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The Filipino negotiators for the Pact of Biak-na-Bato. Seated from left to right: Pedro Paterno and Emilio Aguinaldo with five companions

The Pact of Biak-na-Bato, signed on December 14, 1897,[1] created a truce between Spanish Colonial Governor-General Fernando Primo de Rivera and Emilio Aguinaldo to end the Philippine Revolution. Aguinaldo and his fellow revolutionaries were given amnesty and monetary indemnity by the Spanish government in return for which the revolutionary Government would go into voluntary exile in Hong Kong. Aguinaldo would later use the money to purchase firearms.

Contents

Provisions

According to historian Teodoro Agoncillo, the pact was made up of three documents which together came to be known as the Truce of Biak-na-Bató and which provided, among other things:[2]

  • That Aguinaldo and his companions would go into voluntary exile abroad;[1]
  • that Governor-General Primo de Rivera would pay the sum of P800,000 to the rebels in three installments:
  1. $400,000 {Mexican) to Aguinaldo upon his departure from Biak-na-Bató,[1]
  2. $200,000 (Mexican) when the arms surrendered by the revolutionists amounted to 800 stand,[1] and
  3. the remaining $200,000 (Mexican) when the arms surrendered amounted to 1,000 stand,Te Deum in the Cathedral in Manila as thanksgiving for the restoration of peace;[1]
  • that Primo de Rivera would pay the additional sum of P900,000 to the families of the non-combatant Filipinos who suffered during the armed conflict.
Note: The Mexican dollar at the time was worth about 50 U.S. cents[3]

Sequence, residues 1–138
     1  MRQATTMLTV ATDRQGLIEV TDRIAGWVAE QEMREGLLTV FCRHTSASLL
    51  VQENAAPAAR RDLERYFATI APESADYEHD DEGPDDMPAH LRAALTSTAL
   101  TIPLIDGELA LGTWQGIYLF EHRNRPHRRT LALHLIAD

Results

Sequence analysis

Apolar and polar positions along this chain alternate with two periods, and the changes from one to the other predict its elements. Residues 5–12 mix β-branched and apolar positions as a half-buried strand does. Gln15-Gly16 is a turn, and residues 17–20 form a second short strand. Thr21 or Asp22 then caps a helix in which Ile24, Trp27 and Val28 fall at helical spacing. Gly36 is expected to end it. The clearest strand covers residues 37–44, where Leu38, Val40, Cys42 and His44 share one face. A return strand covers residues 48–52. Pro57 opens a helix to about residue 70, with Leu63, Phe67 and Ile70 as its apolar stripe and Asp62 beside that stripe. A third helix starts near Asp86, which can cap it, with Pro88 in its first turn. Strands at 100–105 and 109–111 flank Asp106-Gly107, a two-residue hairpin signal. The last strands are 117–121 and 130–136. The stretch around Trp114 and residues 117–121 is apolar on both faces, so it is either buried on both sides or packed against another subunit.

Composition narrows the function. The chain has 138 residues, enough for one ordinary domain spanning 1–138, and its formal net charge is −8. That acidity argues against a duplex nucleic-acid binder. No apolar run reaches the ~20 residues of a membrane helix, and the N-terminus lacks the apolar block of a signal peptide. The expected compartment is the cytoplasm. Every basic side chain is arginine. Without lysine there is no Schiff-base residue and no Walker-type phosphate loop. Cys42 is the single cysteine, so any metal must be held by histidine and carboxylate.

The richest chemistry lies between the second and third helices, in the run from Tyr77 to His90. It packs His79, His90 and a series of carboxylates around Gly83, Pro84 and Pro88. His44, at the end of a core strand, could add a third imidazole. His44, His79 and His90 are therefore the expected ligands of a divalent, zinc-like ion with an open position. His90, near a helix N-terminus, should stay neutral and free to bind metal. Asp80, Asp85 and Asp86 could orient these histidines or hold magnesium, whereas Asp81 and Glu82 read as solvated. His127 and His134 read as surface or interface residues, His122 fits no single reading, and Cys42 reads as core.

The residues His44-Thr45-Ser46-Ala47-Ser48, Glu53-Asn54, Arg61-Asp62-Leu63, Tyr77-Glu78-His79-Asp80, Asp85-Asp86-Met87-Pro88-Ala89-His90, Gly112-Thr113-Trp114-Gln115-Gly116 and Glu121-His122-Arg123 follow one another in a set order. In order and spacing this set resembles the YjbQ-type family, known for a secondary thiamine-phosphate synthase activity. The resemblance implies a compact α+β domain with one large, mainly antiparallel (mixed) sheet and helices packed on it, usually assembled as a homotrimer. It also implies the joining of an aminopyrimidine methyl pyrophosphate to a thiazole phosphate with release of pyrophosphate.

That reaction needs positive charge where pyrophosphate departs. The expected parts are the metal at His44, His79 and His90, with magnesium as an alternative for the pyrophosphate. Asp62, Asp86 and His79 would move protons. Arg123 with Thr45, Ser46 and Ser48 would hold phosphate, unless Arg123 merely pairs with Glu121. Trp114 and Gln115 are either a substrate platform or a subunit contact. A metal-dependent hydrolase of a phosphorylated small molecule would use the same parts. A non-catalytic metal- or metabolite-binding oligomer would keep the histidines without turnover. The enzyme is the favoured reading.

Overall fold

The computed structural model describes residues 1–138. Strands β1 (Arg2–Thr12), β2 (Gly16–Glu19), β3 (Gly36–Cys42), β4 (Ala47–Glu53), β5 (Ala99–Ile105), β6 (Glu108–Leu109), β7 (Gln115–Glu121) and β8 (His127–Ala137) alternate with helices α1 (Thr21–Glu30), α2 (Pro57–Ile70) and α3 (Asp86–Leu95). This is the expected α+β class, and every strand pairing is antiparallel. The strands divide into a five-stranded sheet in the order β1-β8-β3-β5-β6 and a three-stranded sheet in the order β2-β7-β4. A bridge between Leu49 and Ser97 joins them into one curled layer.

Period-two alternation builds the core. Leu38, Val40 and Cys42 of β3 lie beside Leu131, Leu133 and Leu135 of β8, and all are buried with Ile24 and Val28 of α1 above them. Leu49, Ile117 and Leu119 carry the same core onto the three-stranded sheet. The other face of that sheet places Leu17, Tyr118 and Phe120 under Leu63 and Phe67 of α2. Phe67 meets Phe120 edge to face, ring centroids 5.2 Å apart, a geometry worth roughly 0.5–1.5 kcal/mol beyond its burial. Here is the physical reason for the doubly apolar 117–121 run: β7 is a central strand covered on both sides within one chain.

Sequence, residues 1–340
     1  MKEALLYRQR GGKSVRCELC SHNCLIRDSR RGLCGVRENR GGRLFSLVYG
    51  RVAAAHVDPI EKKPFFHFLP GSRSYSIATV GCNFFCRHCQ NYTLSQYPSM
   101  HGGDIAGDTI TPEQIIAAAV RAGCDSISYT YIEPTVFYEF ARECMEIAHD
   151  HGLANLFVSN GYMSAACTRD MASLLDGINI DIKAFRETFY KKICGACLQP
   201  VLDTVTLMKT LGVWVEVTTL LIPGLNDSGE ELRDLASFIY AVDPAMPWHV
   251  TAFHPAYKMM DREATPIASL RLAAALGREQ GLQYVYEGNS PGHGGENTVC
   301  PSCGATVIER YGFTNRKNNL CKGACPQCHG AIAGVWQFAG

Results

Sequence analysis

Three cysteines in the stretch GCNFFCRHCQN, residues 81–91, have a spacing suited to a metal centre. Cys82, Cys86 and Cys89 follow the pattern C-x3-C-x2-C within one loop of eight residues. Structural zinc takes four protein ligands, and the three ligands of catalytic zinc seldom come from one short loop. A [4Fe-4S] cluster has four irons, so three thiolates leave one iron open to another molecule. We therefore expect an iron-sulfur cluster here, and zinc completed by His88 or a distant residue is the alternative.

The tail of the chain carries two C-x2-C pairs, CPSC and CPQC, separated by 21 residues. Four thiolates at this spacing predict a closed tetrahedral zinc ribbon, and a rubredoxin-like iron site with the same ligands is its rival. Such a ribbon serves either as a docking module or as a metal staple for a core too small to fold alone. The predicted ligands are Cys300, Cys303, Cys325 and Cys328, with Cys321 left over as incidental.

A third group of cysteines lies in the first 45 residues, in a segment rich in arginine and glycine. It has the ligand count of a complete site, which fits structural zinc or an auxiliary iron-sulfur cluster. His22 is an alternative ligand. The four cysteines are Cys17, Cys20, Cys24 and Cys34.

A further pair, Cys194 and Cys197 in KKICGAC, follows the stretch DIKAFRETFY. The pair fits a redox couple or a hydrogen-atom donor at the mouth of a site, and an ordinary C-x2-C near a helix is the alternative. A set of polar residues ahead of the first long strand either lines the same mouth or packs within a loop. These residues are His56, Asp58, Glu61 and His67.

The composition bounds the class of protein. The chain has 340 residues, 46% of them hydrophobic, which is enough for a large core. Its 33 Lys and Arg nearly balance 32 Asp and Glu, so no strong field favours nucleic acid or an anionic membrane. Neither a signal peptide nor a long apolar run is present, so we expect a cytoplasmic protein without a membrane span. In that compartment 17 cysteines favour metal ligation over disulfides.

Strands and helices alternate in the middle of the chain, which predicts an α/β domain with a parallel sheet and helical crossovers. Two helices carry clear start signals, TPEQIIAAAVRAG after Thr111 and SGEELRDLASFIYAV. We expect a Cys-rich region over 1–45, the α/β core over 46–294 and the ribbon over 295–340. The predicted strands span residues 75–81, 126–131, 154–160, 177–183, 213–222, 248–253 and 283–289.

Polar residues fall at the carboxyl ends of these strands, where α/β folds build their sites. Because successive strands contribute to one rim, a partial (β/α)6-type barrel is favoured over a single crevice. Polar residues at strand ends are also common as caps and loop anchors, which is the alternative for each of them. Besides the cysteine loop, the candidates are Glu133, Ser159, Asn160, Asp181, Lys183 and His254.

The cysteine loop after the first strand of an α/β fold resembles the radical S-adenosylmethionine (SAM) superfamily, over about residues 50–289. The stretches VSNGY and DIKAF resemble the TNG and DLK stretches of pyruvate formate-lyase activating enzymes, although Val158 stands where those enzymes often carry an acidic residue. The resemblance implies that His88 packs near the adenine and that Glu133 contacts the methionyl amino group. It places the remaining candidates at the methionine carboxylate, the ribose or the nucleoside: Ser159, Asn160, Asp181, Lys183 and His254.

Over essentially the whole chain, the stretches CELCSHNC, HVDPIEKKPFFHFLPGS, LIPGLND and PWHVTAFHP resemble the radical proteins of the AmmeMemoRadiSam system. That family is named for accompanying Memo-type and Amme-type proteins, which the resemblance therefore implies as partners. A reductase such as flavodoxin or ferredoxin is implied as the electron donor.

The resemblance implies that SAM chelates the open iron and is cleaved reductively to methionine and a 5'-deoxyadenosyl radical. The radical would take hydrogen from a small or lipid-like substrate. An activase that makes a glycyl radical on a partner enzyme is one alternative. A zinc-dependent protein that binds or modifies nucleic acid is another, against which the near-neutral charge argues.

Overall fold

According to Aguinaldo, writing in 1899, the principal conditions of the pact were:

(1) That I would, and any of my associates who desired to go with me, be free to live in any foreign country. Having fixed upon Hongkong as my place of residence, it was agreed that payment of the indemnity of $800,000 (Mexican) should be made in three installments, namely, $400,000 when all the arms in Biak-na-bató were delivered to the Spanish authorities; $200,000 when the arms surrendered amounted to eight hundred stand; the final payment to be made when one thousand stand of arms shall have been handed over to the authorities and the Te Deum sung in the Cathedral in Manila as thanksgiving for the restoration of peace. The latter part of February was fixed as the limit of time wherein the surrender of arms should be completed.

(2) The whole of the money was to be paid to me personally, leaving the disposal of the money to my discretion and knowledge of the understanding with my associates and other insurgents.

(3) Prior to evacuating Biak-na-bató the remainder of the insurgent forces under Captain-General Primo de Rivera should send to Biak-na-bató two General of the Spanish Army to be held as hostages by my associates who remained there until I and a few of my compatriots arrived in Hongkong and the first installment of the money payment (namely, four hundred thousand dollars) was paid to me.

(4) It was also agreed that the religious corporations in the Philippines be expelled and an autonomous system of government, political and administrative, be established, though by special request of General Primo de Rivera these conditions were not insisted on in the drawing up of the Treaty, the General contending that such concessions would subject the Spanish Government to severe criticism and even ridicule.[1]

Results

In accordance with the first clause, Aguinaldo and twenty five other top officials of the revolution were banished to Hong Kong with $400,000 (Mexican) in their possession. The rest of the men received $200,000 (Mexican), while the third installment was never received. General amnesty was never declared because sporadic skirmishes continued.

Notes

  1. ^ a b c d e f Aguinaldo 1899
  2. ^ Agoncillo 1990, p. 184
  3. ^ Halstead 1898, p. 126.

References

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